On March 22, 2016, the hip-hop community lost another important member of the 90’s era.
Once he passed, an outpour of love and recognition came from fans of all ages. I, myself, was at a lost when he passed. I was not expecting him to pass away at all. I knew he kept a low profile, like other members of the group, but I never knew of his health issues and how severe they were. When Phife first passed away, my first question was, “will anyone keep the legacy of A Tribe Called Quest going?”. For the record, when I say keep the legacy going, I don’t mean just buying a $30 shirt at Urban Outfitters with The Low End Theory album artwork on it.
A Tribe Called Quest is one of the most important hip-hop acts in hip-hop history. Taking a page from their predecessors De La Soul and Kwame with their hippie/colorful/artistic style and approach to music, the group’s personal style matched their music with blending hip-hop and jazz, which would be their signature sound. Contrast to the music of the early 90’s, which consisted of mostly gangsta rap, A Tribe Called Quest created music that touched on topics their contemporaries didn’t talk about, including consumerism and date rape. A Tribe Called Quest led the movement of alternative hip-hop and was one of the influences of the neo-soul genre throughout the 90’s.
Other than their sonic influences, A Tribe Called Quest has influenced the careers of Kanye West, Pharrell, Outkast, The Roots, and Kendrick Lamar. A Tribe Called Quest has a deeper meaning and impact than others like to believe. The group gave something to young black men who came before that, that people often forget about.
A Tribe Called Quest gave a voice to a group of black men who were comfortable with their masculinity. During the beginning and the prime of the group's success, most rappers were either bold, tough, and in your face (i.e N.W.A, Public Enemy, KRS-One) or pushed their hypersexual image (i.e LL Cool J, Big Daddy Kane); A Tribe Called Quest took a different approach. They tapped into the male ego and the male’s mentality, openly discussing why men do the things they do. At the time, most people saw the group as soft, but in the long run, it was groundbreaking; it’s what almost every rapper is or trying to do now in hip-hop. A Tribe Called Quest taught black men it’s perfectly fine to be artistic and creative. It taught young black men that there’s still a place for them in hip-hop, even if they don’t want to flaunt their masculinity all the time.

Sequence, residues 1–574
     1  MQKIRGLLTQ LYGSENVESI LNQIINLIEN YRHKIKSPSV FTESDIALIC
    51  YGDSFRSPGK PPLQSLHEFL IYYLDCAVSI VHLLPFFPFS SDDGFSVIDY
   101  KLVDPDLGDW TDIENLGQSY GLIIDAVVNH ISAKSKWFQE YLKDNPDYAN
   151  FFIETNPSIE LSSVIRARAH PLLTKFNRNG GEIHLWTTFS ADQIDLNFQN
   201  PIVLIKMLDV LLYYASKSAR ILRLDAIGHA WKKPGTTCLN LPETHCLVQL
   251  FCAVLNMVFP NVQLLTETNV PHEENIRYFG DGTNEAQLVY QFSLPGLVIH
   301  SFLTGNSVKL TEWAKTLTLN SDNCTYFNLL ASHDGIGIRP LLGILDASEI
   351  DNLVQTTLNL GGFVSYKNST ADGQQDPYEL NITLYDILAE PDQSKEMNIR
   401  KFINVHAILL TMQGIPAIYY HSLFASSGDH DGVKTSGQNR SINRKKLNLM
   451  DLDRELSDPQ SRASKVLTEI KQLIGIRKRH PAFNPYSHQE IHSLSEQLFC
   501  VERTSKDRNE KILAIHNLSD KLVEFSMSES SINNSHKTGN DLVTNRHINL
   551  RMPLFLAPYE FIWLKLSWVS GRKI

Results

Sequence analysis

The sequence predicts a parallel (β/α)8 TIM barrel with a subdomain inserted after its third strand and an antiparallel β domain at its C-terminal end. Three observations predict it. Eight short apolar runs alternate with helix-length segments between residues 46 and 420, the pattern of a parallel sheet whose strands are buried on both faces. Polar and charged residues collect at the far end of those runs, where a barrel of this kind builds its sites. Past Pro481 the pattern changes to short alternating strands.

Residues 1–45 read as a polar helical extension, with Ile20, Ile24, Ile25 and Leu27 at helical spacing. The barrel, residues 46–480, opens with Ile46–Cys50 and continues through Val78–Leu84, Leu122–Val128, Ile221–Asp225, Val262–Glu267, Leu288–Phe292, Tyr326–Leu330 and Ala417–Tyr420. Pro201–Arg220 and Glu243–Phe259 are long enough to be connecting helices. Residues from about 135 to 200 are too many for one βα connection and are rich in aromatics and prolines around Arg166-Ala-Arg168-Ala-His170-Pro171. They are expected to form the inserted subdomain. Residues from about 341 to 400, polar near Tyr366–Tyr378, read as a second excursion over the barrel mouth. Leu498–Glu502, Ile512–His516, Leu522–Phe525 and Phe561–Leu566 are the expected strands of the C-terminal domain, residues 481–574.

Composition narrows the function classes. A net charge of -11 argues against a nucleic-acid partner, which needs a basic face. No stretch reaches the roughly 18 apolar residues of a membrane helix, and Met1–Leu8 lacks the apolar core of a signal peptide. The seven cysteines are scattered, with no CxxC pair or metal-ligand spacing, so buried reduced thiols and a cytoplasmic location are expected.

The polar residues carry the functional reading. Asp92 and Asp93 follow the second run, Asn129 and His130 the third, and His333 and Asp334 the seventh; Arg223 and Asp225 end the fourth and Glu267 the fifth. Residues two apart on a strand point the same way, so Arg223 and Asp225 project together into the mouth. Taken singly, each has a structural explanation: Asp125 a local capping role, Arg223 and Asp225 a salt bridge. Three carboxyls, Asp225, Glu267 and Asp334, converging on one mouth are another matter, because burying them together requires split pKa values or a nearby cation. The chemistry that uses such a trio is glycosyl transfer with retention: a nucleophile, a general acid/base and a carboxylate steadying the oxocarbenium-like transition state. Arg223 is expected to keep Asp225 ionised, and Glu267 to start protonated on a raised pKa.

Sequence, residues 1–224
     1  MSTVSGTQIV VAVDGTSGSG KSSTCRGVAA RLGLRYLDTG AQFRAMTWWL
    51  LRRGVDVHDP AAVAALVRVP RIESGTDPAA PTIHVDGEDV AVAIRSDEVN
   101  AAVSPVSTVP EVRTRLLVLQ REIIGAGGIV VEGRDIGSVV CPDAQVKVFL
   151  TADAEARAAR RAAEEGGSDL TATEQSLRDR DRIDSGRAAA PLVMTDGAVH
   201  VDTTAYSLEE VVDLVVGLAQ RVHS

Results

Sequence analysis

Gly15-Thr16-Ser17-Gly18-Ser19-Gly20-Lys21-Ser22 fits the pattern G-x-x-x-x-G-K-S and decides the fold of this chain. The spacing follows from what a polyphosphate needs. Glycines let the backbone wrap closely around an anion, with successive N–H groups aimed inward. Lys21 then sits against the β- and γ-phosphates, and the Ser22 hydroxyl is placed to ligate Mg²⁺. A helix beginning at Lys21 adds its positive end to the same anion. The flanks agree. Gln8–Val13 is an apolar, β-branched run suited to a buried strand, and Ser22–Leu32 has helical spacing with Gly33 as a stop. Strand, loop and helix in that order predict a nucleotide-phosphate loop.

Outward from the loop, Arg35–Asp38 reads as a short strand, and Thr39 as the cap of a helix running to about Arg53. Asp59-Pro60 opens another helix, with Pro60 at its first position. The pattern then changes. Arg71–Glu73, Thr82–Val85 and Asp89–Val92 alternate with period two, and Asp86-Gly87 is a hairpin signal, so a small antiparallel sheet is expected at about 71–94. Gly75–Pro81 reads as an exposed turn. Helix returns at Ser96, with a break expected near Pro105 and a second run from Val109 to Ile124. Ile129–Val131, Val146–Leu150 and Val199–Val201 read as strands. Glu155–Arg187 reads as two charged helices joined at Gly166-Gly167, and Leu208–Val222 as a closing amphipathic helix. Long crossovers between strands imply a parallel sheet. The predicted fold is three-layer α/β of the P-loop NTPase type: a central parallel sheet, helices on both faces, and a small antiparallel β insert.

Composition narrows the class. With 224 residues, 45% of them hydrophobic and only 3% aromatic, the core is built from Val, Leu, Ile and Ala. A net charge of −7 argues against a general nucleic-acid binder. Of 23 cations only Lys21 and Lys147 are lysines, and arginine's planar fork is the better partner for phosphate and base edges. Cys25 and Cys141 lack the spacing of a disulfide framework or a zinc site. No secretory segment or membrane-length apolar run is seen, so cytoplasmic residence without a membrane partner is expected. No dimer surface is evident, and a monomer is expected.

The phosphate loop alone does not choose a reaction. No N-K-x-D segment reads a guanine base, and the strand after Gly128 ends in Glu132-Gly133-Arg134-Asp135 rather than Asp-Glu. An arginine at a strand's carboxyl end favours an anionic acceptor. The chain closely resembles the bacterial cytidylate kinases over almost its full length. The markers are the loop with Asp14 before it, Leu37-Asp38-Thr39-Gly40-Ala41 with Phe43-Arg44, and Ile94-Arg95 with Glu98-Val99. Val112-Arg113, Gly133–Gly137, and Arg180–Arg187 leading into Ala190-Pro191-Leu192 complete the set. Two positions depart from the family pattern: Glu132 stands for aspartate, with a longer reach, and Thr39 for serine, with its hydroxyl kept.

In a time when the Black Lives Matter movement is at an all time high, and toxic masculinity is one of the most talked about topics, we needed a group like A Tribe Called Quest to come back and reteach a generation of young men and women how you can express yourself and still be respected. With their new album, We Got it From Here… Thank You 4 Your Service, they remind music audiences of their legacy and what they brought to the table known as hip-hop. Their new album made me feel good about music and hip-hop. Their album reminds me of the feelings you get when you see your favorite cousin at the family functions. Sonically and lyrically, the final album from A Tribe Called Quest to hip-hop fans is what a Star Wars movie is to nerds. It’s an album true to its genre and something both the older generation can value, and the younger generation can listen to with appreciation.
Recently, A Tribe Called Quest made a memorable appearance on Saturday Night Live, with host Dave Chappelle. Performing “We the People” and “The Space Program”, the group proved once again their legacy is here to stay and won’t be forgotten. Their recent television performance caused an abundance of approval and love, which lets me know, the younger generations will continue to invest and learn from A Tribe Called Quest. We Got it From Here… Thank You 4 Your Service may be their final album, but believe me, this group isn’t going anywhere, their services are still needed.
If you haven’t, please go and listen to their album! This is an album that will be on repeat for the next few days.